On May 18, women from the PK-95 constituency of the provincial assembly went to the PHC against the May 7 by-election in Lower Dir in which the contesting candidates had made a verbal agreement that women would not be allowed to go to the polling stations. A Jamaat-e-Islami candidate won the polls.

On June 2, the Election Commission of Pakistan canceled the result. “The by-election of Constituency No PK-95 Lower Dir-II is hereby declared void for the reasons of disenfranchisement of female voters,” said a notice released on Tuesday.

But in Karachi, Gul Meena and many other Pashtun women continue to be denied their right to vote. As many as 47,282 women had voted in the general elections in the same Lower Dir constituency in 2013. That amounts to about 37 percent of the total votes – almost the same ratio as that in PS-93, a Pashtun-dominated constituency in Karachi’s west district, if not better (an election tribunal found 6,000 bogus votes polled at only six of the 88 polling stations in the ultra-conservative Banaras locality). The percentage of women voters in Pashtun-dominated areas of Karachi (such as PS-89 Keamari, PS-94 Baldia, and PS-128 Landhi industrial area) is very low compared with other constituencies in the city.

10 percent of Pashtun women in Karachi do not even have a CNIC

Back in Khyber Pakhtunkhwa, neither the religious Jamaat-e-Islami nor the liberal Awami National Party made an effort to resist the disenfranchisement of women. JI emir Sirajul Haq blamed the practice on culture.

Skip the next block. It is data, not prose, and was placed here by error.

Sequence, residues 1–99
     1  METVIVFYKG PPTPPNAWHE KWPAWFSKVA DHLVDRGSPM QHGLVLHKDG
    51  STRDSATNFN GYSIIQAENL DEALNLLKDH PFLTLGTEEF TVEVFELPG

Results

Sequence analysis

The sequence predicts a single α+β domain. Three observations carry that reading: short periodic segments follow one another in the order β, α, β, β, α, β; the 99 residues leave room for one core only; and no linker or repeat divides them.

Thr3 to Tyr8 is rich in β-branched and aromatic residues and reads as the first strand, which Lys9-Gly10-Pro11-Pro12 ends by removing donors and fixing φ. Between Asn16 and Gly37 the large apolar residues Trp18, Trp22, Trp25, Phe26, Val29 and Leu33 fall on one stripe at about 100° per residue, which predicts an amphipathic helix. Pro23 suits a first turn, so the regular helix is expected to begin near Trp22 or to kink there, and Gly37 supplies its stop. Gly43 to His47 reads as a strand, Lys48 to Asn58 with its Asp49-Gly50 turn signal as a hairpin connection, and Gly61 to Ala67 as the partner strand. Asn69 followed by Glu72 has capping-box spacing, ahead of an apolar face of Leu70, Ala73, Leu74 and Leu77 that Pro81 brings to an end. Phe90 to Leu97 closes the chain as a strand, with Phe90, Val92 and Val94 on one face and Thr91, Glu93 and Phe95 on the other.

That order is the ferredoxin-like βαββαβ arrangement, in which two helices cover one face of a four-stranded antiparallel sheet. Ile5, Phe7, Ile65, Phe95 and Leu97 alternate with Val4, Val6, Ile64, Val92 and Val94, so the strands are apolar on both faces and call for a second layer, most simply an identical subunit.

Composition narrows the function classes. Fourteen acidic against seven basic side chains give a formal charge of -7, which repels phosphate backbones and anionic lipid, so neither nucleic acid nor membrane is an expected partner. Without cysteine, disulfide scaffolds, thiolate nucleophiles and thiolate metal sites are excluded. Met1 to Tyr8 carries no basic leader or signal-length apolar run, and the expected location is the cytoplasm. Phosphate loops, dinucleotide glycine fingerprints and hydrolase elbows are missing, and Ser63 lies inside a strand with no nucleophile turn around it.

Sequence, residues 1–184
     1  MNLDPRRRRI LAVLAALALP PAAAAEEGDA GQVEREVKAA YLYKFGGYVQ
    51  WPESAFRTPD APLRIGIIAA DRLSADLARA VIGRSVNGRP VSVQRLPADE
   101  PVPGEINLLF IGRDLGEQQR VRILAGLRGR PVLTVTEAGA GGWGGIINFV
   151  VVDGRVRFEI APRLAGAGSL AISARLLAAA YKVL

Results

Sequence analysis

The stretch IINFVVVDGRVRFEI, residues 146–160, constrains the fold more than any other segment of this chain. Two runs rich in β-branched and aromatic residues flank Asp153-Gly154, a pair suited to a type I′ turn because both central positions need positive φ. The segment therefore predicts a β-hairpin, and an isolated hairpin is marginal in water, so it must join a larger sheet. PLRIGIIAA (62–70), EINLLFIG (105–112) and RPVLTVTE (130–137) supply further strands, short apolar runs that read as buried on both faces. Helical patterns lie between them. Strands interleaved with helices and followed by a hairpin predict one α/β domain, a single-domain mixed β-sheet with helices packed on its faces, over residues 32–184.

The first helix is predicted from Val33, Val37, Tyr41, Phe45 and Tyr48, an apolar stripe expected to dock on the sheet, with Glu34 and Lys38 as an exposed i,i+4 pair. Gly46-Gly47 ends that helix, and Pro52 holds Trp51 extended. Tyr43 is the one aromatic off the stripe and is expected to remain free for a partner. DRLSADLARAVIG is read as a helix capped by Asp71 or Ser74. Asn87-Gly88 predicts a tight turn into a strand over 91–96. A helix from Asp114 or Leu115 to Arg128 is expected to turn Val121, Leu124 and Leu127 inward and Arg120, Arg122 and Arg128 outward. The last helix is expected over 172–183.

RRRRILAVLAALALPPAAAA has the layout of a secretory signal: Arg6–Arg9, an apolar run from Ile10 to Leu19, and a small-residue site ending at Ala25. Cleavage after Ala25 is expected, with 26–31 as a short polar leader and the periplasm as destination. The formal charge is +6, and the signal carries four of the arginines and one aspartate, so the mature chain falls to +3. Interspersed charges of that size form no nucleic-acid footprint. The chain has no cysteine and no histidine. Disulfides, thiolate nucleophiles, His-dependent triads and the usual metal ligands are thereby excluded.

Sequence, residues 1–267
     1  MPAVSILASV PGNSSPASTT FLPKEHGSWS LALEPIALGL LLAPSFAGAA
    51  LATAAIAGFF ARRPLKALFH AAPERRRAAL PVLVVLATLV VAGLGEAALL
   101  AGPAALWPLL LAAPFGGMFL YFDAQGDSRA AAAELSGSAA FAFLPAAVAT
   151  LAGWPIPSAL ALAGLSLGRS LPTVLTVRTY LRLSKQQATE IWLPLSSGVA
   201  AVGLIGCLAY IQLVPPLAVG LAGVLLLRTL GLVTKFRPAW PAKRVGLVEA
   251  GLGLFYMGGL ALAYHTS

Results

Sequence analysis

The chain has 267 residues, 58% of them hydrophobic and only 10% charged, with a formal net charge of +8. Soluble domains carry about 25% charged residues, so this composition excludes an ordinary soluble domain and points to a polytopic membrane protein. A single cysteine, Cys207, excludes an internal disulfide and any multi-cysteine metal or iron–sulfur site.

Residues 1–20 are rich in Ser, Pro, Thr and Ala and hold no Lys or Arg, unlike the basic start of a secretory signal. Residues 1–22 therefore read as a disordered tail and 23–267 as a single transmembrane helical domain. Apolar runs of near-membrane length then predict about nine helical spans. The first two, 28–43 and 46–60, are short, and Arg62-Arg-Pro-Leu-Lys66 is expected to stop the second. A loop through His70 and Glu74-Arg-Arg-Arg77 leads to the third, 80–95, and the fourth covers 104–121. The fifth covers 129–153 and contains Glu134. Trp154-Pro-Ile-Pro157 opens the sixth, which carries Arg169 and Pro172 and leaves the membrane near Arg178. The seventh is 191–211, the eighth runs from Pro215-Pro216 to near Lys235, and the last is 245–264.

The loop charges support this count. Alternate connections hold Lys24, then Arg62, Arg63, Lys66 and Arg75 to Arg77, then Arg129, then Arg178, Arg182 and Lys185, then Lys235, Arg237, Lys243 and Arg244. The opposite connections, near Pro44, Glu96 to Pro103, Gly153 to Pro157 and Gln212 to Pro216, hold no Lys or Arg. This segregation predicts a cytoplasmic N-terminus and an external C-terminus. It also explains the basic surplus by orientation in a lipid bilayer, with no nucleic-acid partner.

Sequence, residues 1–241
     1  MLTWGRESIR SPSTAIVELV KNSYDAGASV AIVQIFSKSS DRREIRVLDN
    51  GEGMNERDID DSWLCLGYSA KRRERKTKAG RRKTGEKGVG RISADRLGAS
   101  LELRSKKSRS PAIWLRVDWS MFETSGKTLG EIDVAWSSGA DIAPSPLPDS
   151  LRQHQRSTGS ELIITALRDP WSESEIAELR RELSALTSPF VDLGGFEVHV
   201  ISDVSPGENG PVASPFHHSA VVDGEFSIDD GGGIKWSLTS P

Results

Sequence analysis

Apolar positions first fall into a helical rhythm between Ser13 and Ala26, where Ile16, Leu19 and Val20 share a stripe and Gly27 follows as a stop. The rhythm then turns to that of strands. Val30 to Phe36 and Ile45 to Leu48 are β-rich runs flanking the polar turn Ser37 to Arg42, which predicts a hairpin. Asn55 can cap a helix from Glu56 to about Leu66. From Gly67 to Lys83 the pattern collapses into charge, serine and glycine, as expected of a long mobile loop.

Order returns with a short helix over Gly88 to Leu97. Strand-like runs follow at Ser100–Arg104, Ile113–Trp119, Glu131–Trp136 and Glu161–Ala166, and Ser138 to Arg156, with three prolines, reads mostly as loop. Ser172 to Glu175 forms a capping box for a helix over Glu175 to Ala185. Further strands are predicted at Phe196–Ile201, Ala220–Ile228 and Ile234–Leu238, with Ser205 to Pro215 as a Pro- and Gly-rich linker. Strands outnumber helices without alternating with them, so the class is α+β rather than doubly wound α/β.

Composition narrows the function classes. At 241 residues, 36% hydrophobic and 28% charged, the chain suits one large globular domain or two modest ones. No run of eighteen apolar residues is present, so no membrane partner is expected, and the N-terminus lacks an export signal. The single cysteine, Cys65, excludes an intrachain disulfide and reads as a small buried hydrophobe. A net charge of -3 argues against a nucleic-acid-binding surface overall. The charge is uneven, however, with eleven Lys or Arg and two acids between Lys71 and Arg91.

The same ‘cultural legacy’ is the reason behind low percentage of women voters in Pashtun areas of Karachi, analysts say.

“It happens in localities and communities inhabited by people who belong to the areas where they do not let women vote. It is reflective of those cultures and traditions. In other areas, women turn out in full force,” says Afia Salam, a Karachi-based journalist who covers gender issues.

Hamidullah Khattak, the information secretary of ANP in Sindh, blames lack of education, especially among women, that keeps them unaware of their of their rights. Karachi’s Pashtuns will hardly see any progress without active participation of women in electoral politics, he says.

Most Pashtuns in Karachi are poor laborers, says Nazir Jan, a central leader of Pakhtunkhwa Mili Awami Party (PMAP). “They need proper guidance, but the religious and nationalist parties who claim to represent them have never bothered to address this issue.”

Abdul Razaq – the head of Jamaat-e-Islami’s Pashtun Jirga and its emir in west district – believes Pashtun women would be encouraged to exercise their right to vote if they were given an electoral environment that was in accordance with their culture. “In the last general elections, we asked the Election Commission to convert more than five percent of the combined polling stations to women-only polling stations, for a better female turnout,” he said. “But our request was ignored.”

But low female turnout is not the issue, according to Nazir Jan. “The number of women registered as voters is equally low.” According to Abdul Razaq, a two-time Union Council Nazim from the Pashtun-dominated SITE area, more than 10 percent of women don’t even have Computerized National Identity Cards because of reasons deep rooted in their culture. “They cannot establish a family tree,” he said. “When a woman does not have an identity card, her daughter cannot have one either.”